Between 1630 and 1654, the Netherlands came to control part of Brazil's Northeast region, with their capital in Recife. The Portuguese won a significant victory in the Second Battle of Guararapes in 1649. By 1654, the Netherlands had surrendered and returned control of all Brazilian land to the Portuguese.
In 1772, the State of Grão-Pará and Maranhão was split into two new states, the State of Grão-Pará and Rio Negro and the State of Maranhão and Piauí. The new states would fare poorly and only last 3 years.
In 1775, the three colonies of Portuguese America (the State of Brazil, the State of Maranhão and Piauí; and the State of Grão-Pará and Rio Negro) were united into a singular colony, under the State of Brazil. This arrangement would last until the end of Colonial Brazil. As a result, Brazil did not split into several countries, as happened to its Spanish-speaking neighbors.
The Early Navigators practically have been to the entire Caribbean, from The Bahamas to Jamaica. Papiamento, one of the languages spoken in the islands, is a mixture of Portuguese , Spanish and African languages.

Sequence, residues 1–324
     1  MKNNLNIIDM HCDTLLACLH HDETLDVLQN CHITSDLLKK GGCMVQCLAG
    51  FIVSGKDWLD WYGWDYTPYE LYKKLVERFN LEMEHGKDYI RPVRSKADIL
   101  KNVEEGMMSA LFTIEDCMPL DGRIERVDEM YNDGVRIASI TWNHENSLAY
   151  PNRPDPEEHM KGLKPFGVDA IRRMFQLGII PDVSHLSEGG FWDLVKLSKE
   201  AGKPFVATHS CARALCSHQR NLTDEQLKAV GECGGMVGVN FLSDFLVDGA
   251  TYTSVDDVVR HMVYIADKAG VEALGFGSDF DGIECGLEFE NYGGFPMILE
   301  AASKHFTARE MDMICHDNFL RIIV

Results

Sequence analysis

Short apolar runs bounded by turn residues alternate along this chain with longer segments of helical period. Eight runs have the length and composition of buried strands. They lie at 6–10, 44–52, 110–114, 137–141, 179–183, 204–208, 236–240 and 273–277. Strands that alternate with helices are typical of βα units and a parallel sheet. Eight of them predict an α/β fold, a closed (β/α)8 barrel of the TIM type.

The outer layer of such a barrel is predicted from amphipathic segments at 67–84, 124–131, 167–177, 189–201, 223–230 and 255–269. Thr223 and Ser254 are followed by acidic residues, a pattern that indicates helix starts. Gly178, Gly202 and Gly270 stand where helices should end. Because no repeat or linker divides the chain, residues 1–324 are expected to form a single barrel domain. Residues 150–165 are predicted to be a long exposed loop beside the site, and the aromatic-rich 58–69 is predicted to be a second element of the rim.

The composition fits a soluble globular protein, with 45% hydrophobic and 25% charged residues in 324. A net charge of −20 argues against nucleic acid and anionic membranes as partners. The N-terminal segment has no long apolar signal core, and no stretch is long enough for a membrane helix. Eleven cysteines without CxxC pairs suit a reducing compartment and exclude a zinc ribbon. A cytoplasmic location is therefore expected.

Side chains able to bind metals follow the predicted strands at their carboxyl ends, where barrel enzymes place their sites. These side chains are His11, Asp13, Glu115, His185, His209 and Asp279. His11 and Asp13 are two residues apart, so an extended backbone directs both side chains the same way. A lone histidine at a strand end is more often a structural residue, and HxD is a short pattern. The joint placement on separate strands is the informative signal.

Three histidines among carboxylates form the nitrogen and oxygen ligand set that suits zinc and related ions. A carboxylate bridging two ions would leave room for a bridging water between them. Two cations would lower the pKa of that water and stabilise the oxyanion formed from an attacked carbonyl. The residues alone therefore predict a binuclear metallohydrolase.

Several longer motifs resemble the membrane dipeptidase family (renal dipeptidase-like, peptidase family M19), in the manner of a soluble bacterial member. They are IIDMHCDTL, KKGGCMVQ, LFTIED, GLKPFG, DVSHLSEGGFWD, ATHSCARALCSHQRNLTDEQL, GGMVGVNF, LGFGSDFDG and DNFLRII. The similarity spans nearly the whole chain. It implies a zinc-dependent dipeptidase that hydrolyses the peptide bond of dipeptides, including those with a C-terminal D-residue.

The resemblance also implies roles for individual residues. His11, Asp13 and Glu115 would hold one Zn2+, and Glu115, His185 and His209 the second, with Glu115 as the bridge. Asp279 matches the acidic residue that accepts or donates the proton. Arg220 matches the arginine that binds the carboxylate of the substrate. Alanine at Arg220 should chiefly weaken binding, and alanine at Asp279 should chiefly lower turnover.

Portuguese merchants have been trading in the West Indies. To such an extent, that, for instance, for the Portuguese town of Póvoa de Varzim, most of its seafarers dying abroad, most of the deaths occurred in the Route of the Antilles, in the West Indies. At the turn of the 17th century, with the union with Castile, the Spanish kings favored the free movement of the people, and other lands of the New World, such as Peru and the Gulf of Mexico, were open to the Portuguese merchants.
Colonization of Uruguay and Venezuela
- Atlantic World
- Catholic Church and the Age of Discovery
- Portuguese Guyanese
- Colonial Brazil
- Portuguese in Mexico
- Arquivo Histórico Ultramarino (archives in Lisbon documenting Portuguese Empire, including the Americas)
- Former colonies and territories in Canada
- History of Brazil
- Jesuit Reductions
- Portugal in the period of discoveries